TP-Link has a new “cheap” router. The Deco XE75 is a tri-band Wi-Fi 6E mesh router that should lower the cost barrier for the new 6GHz wireless technology standard. The new two-pack mesh whole home router is available now for $299.99. It’s certainly one of the first signs of Wi-Fi 6E technology reaching affordable pricing, and, best of all, the Deco XE75 seems to cut very few features.
The Deco XE75 covers about 5,500 square feet with the pair and is $200 cheaper than a two-pack of the recently released Eero Pro 6E that covers just 4,000 square feet. And the Deco claims to have a very fast peak wireless network speed of 5.4 Gbps. Though that’s a bit slower than the Linksys Atlas Max 6E at 8.4 Gbps, the Deco still undercuts it by about $600.
The savings mean you won’t get advanced options like the 5 Gbps ethernet found on the Atlas Max, let alone the 10 Gbps option available on the Netgear Orbi Wi-Fi 6E. But each of the Deco’s nodes do come with three gigabit ethernet ports, allowing you to take full advantage of a home gigabit internet plan.
The Deco XE75, the new Eero Pro 6E, and the Linksys Atlas Max are all tri-band, meaning devices can connect via 2.4, 5, and 6GHz bands. Older Wi-Fi 5 routers also came in tri-band flavors, supporting both 2.4 and 5GHz bands while providing backhaul — a dedicated local network communication lane — on a separate 5GHz band. Now with Wi-Fi 6E, routers can use the 6GHz band to support even higher bandwidth devices while working double duty for backhaul.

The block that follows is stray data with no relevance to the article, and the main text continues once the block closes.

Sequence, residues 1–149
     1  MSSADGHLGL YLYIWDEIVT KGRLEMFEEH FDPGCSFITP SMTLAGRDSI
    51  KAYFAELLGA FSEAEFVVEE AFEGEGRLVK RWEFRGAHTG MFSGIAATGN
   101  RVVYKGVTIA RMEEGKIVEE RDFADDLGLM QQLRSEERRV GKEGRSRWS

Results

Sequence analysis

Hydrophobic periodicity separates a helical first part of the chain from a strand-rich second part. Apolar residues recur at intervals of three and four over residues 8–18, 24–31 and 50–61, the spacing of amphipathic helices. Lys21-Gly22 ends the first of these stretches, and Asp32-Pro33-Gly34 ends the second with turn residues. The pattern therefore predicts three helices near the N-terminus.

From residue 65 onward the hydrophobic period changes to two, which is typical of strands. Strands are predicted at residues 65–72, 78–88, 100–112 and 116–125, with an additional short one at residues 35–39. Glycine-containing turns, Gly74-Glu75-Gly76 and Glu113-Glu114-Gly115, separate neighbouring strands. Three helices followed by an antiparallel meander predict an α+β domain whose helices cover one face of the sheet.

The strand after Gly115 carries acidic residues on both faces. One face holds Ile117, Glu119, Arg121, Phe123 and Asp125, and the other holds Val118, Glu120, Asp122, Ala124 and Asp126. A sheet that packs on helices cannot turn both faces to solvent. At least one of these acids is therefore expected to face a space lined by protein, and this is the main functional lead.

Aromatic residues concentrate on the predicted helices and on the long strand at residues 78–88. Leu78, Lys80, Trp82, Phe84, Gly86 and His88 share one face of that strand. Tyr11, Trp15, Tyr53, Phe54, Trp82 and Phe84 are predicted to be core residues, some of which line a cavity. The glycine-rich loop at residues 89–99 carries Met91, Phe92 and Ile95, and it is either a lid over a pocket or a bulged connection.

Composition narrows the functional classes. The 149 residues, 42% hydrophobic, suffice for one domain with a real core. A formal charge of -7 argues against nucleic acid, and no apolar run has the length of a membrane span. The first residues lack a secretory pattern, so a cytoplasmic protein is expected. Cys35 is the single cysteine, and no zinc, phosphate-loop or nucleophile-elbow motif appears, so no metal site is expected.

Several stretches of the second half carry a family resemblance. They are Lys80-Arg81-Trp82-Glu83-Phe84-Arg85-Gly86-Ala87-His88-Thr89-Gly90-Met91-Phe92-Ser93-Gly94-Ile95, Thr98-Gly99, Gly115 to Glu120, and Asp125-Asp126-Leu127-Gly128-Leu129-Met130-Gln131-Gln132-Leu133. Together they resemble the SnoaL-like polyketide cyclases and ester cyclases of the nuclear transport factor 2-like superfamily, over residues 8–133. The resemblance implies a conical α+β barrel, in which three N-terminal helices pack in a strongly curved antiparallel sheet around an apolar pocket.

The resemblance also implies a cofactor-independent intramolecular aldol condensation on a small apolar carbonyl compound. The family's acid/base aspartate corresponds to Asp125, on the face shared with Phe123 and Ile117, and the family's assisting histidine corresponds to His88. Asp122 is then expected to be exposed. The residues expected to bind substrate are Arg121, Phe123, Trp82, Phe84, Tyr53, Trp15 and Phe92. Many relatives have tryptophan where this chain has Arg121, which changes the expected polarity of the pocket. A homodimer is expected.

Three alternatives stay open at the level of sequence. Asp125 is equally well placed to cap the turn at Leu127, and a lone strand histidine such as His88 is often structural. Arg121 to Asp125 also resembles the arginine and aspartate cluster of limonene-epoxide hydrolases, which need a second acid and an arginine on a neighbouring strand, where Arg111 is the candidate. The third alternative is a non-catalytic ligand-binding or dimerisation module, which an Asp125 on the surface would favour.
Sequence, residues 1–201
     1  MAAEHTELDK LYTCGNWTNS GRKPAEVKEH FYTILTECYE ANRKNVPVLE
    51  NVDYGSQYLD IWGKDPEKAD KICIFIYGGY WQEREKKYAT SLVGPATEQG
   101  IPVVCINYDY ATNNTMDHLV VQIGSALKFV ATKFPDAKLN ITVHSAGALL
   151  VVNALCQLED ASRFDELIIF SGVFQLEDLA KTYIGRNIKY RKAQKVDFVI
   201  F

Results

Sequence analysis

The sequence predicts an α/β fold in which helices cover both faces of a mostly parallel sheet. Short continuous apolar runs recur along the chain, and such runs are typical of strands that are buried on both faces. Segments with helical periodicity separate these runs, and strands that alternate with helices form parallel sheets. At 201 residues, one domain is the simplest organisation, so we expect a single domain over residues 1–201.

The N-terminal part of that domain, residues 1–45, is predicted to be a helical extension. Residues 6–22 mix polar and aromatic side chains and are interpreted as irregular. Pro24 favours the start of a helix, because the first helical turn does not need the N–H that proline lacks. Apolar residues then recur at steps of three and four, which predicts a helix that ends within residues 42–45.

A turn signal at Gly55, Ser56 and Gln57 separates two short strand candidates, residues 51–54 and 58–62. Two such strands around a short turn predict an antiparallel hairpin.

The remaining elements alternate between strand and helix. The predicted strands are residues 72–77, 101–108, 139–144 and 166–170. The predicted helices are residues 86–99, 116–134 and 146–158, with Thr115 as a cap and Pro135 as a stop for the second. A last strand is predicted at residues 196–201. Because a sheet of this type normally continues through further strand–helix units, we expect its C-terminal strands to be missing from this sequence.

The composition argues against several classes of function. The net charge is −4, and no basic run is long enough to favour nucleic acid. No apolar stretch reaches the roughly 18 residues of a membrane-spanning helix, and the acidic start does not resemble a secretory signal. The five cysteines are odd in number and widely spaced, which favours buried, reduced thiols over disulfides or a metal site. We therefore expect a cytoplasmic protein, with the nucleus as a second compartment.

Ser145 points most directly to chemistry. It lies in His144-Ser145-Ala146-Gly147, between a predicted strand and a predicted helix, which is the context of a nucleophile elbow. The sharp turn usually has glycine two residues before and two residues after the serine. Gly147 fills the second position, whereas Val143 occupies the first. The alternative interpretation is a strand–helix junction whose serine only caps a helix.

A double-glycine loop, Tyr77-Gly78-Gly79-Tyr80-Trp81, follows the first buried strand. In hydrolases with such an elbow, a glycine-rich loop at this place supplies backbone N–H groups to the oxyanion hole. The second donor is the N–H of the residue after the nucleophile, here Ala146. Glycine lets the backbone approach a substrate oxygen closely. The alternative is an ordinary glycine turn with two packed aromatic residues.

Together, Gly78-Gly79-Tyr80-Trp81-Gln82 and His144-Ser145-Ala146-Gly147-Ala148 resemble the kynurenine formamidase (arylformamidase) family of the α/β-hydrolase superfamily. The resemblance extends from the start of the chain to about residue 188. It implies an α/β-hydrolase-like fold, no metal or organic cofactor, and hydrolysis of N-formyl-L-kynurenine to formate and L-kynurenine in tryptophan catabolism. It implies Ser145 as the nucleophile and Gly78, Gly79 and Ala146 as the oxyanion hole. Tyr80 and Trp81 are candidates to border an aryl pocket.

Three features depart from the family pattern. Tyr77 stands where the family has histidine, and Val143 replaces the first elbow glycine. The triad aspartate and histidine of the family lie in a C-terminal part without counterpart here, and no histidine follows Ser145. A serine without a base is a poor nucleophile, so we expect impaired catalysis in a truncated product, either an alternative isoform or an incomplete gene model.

Tri-band Wi-Fi 6E routers like the Deco XE75 don’t really need that extra 5GHz band since there aren’t many 6GHz-compatible devices out there yet. You would theoretically need multiple brand new PCs that have the tech and several of the latest Samsung Galaxy phones all simultaneously pushing the network to its limits before you experience congestion.
The Deco has also been tested to support up to 200 devices on the network, which could be a lot more than the Eero Pro 6E’s advertised 100-plus devices. And while Deco doesn’t have robot antennas like the TP-Link Archer AXE200 Omni, it does have an AI-driven mesh system for better connections.
Overall the Wi-Fi 6E standard is rolling out slowly since its debut, and the lack of endpoint devices supporting the tech means buying a more affordable regular Wi-Fi 6 or a premium Wi-Fi 5 router might be better worth it. But if you somehow actively own multiple Wi-Fi 6E devices and want the latest tech, then, at $299, the Deco XE75 brings you affordable Wi-Fi 6E.
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